- Exercise creativity and discretion in crafting solutions
- Select and design computer systems
- Operate independently
- Perform such work a majority of time or as primary duty
- Install software updates, virus definitions, patches
- Configure settings for existing applications & systems
- Follow change management controls and/or training when altering systems & environment
- Design programs, applications, operating systems, networks
- Write substantial programs & applications
- Have independent authority to make significant changes to systems and environment
- Participate in far-reaching research projects, making important decisions
How Does Overtime Law Work?
The federal Fair Labor Standards Act (FLSA) and various state laws provide that all employees should get overtime unless they fall within certain narrow exemptions. The FLSA and many state laws provide that nonexempt employees must be paid time-and-a-half for each hour over 40 worked in a week.
California law is even more protective. It provides the same protection (1.5x the hourly rate for hours over 40), plus it provides for time-and-a-half for hours over 8 in a day, double time for hours over 12 in a day, an unpaid 30-minute meal break for every 5 hours worked in a day, and a paid 10-minute rest break for every 4 hours worked in a day.
What if there is no accurate written record of my overtime hours?
If the court finds that you are eligible for overtime pay, you are entitled to be paid for every overtime hour you worked. If there are no written records, you are entitled to prove your entitlement by describing your best recollection of your hours worked (e.g., you generally worked from 9:00 am to 6:00 pm Mon-Fri with a 30-minute break for lunch, plus an average of 1-2 hours each evening Mon-Thu, plus 2-3 hours each weekend, for a total of 42.5 + 6 + 2.5 = 51 hours per week).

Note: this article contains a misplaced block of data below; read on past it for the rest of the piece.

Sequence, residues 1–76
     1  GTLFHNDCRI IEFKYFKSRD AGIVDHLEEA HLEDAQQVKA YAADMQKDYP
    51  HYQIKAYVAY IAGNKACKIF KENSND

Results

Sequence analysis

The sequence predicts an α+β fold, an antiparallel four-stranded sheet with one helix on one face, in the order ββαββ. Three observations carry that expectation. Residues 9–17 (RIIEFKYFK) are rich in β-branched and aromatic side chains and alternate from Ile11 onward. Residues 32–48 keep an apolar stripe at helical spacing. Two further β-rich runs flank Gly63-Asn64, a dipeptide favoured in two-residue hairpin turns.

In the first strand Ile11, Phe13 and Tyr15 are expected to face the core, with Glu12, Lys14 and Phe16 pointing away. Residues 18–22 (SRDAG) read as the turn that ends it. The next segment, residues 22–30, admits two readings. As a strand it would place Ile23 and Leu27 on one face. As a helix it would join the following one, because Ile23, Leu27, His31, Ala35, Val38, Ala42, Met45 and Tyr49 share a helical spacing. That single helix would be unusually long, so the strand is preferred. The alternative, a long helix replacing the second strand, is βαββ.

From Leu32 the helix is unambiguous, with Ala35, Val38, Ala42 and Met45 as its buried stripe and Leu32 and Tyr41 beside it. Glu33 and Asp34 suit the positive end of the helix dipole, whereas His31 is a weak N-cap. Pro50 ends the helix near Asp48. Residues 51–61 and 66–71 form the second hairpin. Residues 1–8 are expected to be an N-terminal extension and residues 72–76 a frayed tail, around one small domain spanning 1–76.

Even if the employer has been keeping hours incorrectly (e.g., encouraging you to enter fewer hours than you actually worked in a system like Kronos), you are still allowed to come forward with your best recollection of actual hours worked. Courts are very realistic about the limits of records and the importance of individuals’ memories in calculating overtime hours and therefore damages.
What if I no longer work at the company?
You are still entitled to overtime pay that you should have received. Both former and current employees can sue for overtime.
What if I’m classified as salaried/exempt?
Even if the company calls you a salaried, exempt employee, you may still be eligible for overtime pay.
If I signed a severance, release or waiver, can I still sue for overtime pay?
Even if you received severance or signed a release or waiver of your overtime claims, you may still be able to get the full amount you are owed. Usually, you can only waive your right to overtime in a court proceeding or government action.
What if this is a “right to work” state?
It doesn’t matter if your state is a “right to work” state. Even in such states, employees still have certain overtime pay rights.
Is there a disadvantage to waiting to make a claim?
Yes. For every day you wait to assert your rights, you may lose a day of backpay. This is because the law only allows you to reach back a few years in time, even if the violation was going on before that.